Tubular Heat Exchanger Having Multiple Shell-Side and Tube-Side Fluid Passes

Primary Inventor: Krishna P. Singh
Contributing Inventor(s): Vytas Maciunas
Date: May 21, 2019
Status: Granted
Jurisdiction: USA
Equipment Type: Heat Exchanger
Docket Number: HOL-102
Patent No: US 10,295,266 B2
Application Number: 15/279,730

Prior Publication Data: US 2017/0016678 A1

Related U.S. Application Data:

  • Continuation-in-part of application No. 15/210,125, filed on Jul. 14, 2016, now abandoned.
  • Provisional application No. 62/192,318, filed on Jul. 14, 2015.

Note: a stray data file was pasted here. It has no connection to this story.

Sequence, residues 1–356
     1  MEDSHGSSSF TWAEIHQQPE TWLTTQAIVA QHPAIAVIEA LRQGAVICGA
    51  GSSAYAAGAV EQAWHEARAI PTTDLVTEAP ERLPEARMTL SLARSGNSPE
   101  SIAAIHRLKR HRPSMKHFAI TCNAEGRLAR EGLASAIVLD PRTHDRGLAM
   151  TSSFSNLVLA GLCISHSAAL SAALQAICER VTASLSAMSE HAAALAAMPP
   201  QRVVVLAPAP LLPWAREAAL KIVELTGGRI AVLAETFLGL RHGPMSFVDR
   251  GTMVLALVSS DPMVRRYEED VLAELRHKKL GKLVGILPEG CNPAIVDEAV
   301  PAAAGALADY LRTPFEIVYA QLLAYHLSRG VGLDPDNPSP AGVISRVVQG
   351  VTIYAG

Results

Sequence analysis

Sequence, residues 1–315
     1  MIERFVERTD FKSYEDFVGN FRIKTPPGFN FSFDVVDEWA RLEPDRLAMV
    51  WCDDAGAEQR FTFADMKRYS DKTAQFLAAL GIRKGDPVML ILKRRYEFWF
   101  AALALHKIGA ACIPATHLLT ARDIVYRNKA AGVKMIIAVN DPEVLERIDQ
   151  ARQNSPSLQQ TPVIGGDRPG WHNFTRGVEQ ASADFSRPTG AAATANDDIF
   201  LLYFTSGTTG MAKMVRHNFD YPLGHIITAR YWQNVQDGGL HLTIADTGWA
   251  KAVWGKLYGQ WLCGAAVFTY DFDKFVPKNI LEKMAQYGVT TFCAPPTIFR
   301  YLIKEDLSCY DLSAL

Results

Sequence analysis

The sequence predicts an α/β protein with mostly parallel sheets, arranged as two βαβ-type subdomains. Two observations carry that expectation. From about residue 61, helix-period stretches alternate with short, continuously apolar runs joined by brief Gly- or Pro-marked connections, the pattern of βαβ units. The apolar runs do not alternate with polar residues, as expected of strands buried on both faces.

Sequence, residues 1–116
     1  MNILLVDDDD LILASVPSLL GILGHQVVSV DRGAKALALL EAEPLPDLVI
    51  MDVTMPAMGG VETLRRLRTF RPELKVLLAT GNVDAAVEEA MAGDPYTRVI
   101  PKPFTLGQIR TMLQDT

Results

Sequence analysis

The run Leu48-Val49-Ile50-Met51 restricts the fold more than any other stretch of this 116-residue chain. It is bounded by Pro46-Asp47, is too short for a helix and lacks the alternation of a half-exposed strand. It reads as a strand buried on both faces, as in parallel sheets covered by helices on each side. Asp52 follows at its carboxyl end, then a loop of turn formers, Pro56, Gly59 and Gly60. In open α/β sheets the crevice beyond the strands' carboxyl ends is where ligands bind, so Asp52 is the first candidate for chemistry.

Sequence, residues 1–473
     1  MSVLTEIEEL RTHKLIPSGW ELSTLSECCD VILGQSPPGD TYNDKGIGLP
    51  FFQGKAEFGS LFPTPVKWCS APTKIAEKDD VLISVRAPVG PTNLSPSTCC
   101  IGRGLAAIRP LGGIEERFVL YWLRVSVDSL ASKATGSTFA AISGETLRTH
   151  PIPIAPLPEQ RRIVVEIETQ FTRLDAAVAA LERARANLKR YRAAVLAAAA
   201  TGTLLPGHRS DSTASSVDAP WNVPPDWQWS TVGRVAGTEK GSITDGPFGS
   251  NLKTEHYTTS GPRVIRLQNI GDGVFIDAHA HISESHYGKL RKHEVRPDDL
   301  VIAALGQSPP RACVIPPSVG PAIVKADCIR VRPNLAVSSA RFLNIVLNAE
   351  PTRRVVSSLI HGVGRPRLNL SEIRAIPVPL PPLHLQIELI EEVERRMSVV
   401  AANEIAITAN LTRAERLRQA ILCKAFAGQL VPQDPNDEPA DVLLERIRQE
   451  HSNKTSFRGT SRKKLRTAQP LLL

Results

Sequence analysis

Abstract: This invention discloses a novel class of flow pass arrangements in tubular heat exchangers that seeks to minimize the number of heat exchangers in series or parallel used in a piping network for heat transfer applications. The state-of-the art in flow arrangements in shell-and-tube heat exchangers is described in Chapter 1 of an unpublished manuscript of the book “Theory and Practice of Heat Exchanger Design,” by K.P. Singh. The shell and tube flow pass arrangements, explained in the attached chapter and in the industry standards such as TEMA, indicate that the number of shell passes in industrial practice is restricted to two. If the demands of fluid flow rates and their terminal temperatures of the two heat exchanging streams cannot be satisfied in a single or two shell pass unit (or its close adaptations known as “spilt flow” and “divided flow,” shown in the TEMA table in Attachment #2 herein, then the designer is forced to utilize multiple shells with interconnecting pipes as illustrated in the attached sketch (Figure 1). The multi-shell arrangement is poor design palliative, not in the least because it creates several external flanged joint connections that may leak during service. Multiplicity of shells increases the plant’s capital cost.